The most interesting situation happened recently. While I was doing a client’s hair she received a text message from her waxing professional telling her that she had moved and to come visit her at her new business location. My client said, “Oh shoot, I really like her, but I have a membership till the end of the year with XXX spa.” What she also explained to me was that the waxer had a pretty full black book of names and phone numbers that she was asking people to write their information in if they wanted her to contact them, because she was planning on moving to a new location, her own business. Which was actually just a room inside another salon studio.
What’s interesting was that since this client had a membership, she was going to finish out the year at XXX spa. This gives the spa an opportunity to familiarize her to a new waxing professional. Hopefully, she will decide to stay with the original spa who trained the waxer, who was now contacting and soliciting the salon’s clients and income source, to follow her to her new business venture. Great way to say thank you for all the training and education! Of course, she will probably tell a number of stories about how the company ripped her off and mistreated her so she had to leave. As they most often do.
When I left the first salon I worked at, I told no one, no stylist, no client, I did open a small space on my own 25 minutes from the salon, closer to my home, and didn’t solicit one client, ever! We are still great business associates and connect with each other and refer each other often.
Anyway, I think this real scenario peaks my interest even more in the membership business model and here are a few pros and cons of creating a membership program. The following information was copied from the Salon Ops website and was written by Derek Hull)..
“Let’s start with the Bad, as it is always best to get bad news out of the way first.
Salon memberships are like a loaded weapon, if used in the right hand it can be the savior of your business and if used in the wrong way it will be the death of your business. I have seen many a salon that has tried to copy our systems used in our salons only to fail and go out of business. The reason this happens is by doing something like running a system of unlimited blowouts for $69.99 per month and having only that one membership available.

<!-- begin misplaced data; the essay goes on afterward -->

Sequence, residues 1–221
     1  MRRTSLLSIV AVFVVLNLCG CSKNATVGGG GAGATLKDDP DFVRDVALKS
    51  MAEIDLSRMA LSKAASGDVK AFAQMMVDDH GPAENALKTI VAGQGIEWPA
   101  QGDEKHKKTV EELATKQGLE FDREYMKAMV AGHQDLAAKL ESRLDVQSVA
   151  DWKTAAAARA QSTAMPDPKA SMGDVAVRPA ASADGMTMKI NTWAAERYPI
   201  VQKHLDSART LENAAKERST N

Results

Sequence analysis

They fail because
- They are using the system with the highest frequency of visit.
- They are probably using a commission pay structure
- They have no clue as to how many members each operator can service.
- They don’t know what the costs of servicing the members are.
- They have no upsell plan.
- They have no advertising plan related to memberships.
So to summarize, the Bad comes when Salons and Spas jump into membership without a proven game plan
- Now let’s talk about the Good. A membership system fixes just about every problem we experience and complain about in the Industry.
- Greatly Reduces Employee Turnover. Membership systems force a team mentality. The client will have the opportunity to meet and take advantage of many different stylists. Therefore, if a particular stylist goes on vacation or leaves / the client will already be comfortable with other stylists in the salon. Even if the stylist is considering leaving, the clients will still in most cases remain with the salon because they are under contract with the Salon, and again are comfortable with other stylists.
- Cash Flow- With membership systems, the client’s credit card is automatically charged each month for her/his membership dues. Therefore, The Salon owner knows that a certain fixed amount of money is coming into the Salon prior to beginning business the next day, Guaranteed.
- Salon Payroll Cost. Typically, with membership systems there must be a corresponding pay system. Along with the revised pay system there are bonuses for the employee such as the clients being under the perception that they are not paying full price, creating a substantial increase in employee tips. Thereby shifting the burden from the employer’s payroll to another great source of income for the employees. Let’s remember that tips are a major source of an employee’s compensation.
- Attracting new employees -Word of mouth has always been a key to building any business. Especially in the Personal Service Beauty Industry. This also greatly holds true for Stylists. When word gets out as too how well the stylist is doing monetarily, it will attract other stylists from other salons to your salon.
- Attracting new clients– Selling a membership is much easier than selling a service. Clients don’t buy what you do, they buy why you do it, and selling a beauty lifestyle membership is something you can get behind with your heart.”
Contact Derek at email@example.com for more information on creating a salon membership and remember to ALWAYS protect yourself, your business, your guests and have an attorney review your membership agreement.